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Tobermory is a small community in Southwestern Ontario at the northern tip of the Bruce Peninsula on Georgian Bay. It is the northern terminus of the Bruce Trail and a popular diving destination - regarded by many as the freshwater diving capital of the world. Less than 1,000 people live here permanently, but about 750,000 people visit Tobermory's two national parks each year, while many others make a stop in the town on their way to Manitoulin Island aboard the Chi-Cheemaun ferry.


Big Tub Harbour


The rough, rocky tip of the Bruce Peninsula was a pebble in the shoes of European sailors, explorers, farmers and loggers trying to settle the area in the 1800s. Land routes toward Tobermory from the rest of Ontario were not yet developed, and lake conditions in the narrow gap between Lake Huron and Georgian Bay were far from ideal for the ships and boats of the time. After determining the land was unsuitable for farming, resembling the pine-covered Canadian shield of northern Ontario instead of the flat and fertile farmland of southern Ontario, the government sold plots of land to adventurous farmers hoping they'd be able to kick-start agriculture. Farmers found themselves working against the odds; soils were not fit for farming, and their work tended to conflict with the logging industry, which had emerged as a more viable industry.

Loggers took over as farmers abandoned their efforts. Sawmills opened, railways extended their networks, and town sites were settled, including Tobermory in 1884. However, logging peaked in the 1890s as demand diminished, and sawmills on the peninsula turned to serving mostly local needs. While serving as a harbour linking the peninsula to industrious American cities such as Detroit, Tobermory developed a connection to American entrepreneurs - in business, but also tourism. Wealthy American travellers would often arrive by yacht from Michigan to tour the scenic Georgian Bay, and many set up cottages along the coast.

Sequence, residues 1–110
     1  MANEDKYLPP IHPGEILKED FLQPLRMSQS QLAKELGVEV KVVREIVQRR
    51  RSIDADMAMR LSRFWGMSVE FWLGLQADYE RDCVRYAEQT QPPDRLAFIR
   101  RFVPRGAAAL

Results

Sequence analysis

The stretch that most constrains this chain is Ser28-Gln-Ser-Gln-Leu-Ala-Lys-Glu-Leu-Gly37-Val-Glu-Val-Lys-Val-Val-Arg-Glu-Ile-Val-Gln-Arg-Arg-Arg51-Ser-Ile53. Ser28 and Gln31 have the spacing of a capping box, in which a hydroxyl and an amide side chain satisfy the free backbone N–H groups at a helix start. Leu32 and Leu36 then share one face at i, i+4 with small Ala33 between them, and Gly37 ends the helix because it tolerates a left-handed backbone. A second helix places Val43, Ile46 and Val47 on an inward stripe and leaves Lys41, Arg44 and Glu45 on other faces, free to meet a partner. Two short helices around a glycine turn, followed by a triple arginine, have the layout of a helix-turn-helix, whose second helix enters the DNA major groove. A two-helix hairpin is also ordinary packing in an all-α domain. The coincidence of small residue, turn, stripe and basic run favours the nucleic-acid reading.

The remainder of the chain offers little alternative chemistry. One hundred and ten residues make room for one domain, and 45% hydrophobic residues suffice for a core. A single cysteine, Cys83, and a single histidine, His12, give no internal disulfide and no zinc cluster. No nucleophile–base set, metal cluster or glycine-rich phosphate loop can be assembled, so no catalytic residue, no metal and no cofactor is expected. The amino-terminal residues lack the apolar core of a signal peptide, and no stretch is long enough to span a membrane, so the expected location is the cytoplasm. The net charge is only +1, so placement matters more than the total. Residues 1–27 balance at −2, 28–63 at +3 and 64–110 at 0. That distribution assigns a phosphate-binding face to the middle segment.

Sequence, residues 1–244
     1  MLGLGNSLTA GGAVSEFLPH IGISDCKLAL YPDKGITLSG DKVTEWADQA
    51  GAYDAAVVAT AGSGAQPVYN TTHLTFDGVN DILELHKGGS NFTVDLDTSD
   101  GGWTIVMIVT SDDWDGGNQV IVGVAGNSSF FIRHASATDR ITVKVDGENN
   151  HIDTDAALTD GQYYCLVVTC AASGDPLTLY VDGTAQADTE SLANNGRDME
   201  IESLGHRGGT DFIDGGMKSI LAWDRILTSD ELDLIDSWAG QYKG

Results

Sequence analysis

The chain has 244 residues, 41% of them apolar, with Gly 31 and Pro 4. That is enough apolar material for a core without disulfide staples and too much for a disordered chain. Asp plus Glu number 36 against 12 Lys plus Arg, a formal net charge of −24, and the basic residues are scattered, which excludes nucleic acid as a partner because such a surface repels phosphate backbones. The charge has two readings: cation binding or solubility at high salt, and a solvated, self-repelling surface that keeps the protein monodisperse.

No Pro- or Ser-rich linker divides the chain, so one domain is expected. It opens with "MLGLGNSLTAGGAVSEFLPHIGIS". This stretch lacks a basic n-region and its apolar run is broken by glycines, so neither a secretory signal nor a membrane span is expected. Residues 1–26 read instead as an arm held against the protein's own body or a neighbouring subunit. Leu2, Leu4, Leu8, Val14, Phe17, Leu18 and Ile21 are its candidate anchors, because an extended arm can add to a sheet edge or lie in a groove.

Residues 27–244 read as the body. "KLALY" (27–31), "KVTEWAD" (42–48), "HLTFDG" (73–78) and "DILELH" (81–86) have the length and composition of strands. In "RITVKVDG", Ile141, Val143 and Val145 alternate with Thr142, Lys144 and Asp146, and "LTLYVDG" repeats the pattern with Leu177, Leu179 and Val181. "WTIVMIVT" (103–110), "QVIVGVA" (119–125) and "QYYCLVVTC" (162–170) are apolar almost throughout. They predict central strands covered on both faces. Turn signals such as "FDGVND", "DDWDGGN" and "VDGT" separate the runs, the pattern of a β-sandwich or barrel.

Talk of creating a provincial park on the peninsula began in the roaring 1920's, as locals took note of the many American investors looking to buy up entire islands. In 1930, the federal government's National Park Branch took over Flowerpot Island. Soon after, Highway 6 was extended from Wiarton to Tobermory, and ferry service to Manitoulan Island began. In 1972, Fathom Five Provincial Park became Canada's first national marine conservation park, and in 1987 the federal and provincial governments agreed to create both the Fathom Five National Marine Park and Bruce Peninsula National Park, recognizing the need to protect the unique and important ecology of the area. In 1990, the Niagara Escarpment, which includes the Bruce Peninsula National Park, was designated a UNESCO Biosphere Reserve.

Tobermory is still a beautiful small harbour town, but the landscape and lake (home to 24 shipwrecks) that posed obstacles to farmers and sailors many years ago now provide some of the best hiking and freshwater diving spots in Ontario.

Map of Southern Ontario showing Bruce Peninsula in red. Tobermory is at the northern tip of this peninsula.


The community was named after Tobermory, the capital of the Isle of Mull in the Scottish Inner Hebrides. Scotland's Tobermory gets its name from the Scottish Gaelic Tobar Mhoire ("Mary's well"), but it's the similar harbour that inspired the name in Ontario.

Fathom Five National Marine Park is inspired by a passage from Shakespeare's The Tempest, referring to how a person drowned in a shipwreck is transformed by the sea.

Visitor Information[edit]

Tobermory is a summer destination; shops are generally open from May until the mid-October, similar to the Chi-Cheemaun's sailing season, and are closed for the rest of the year.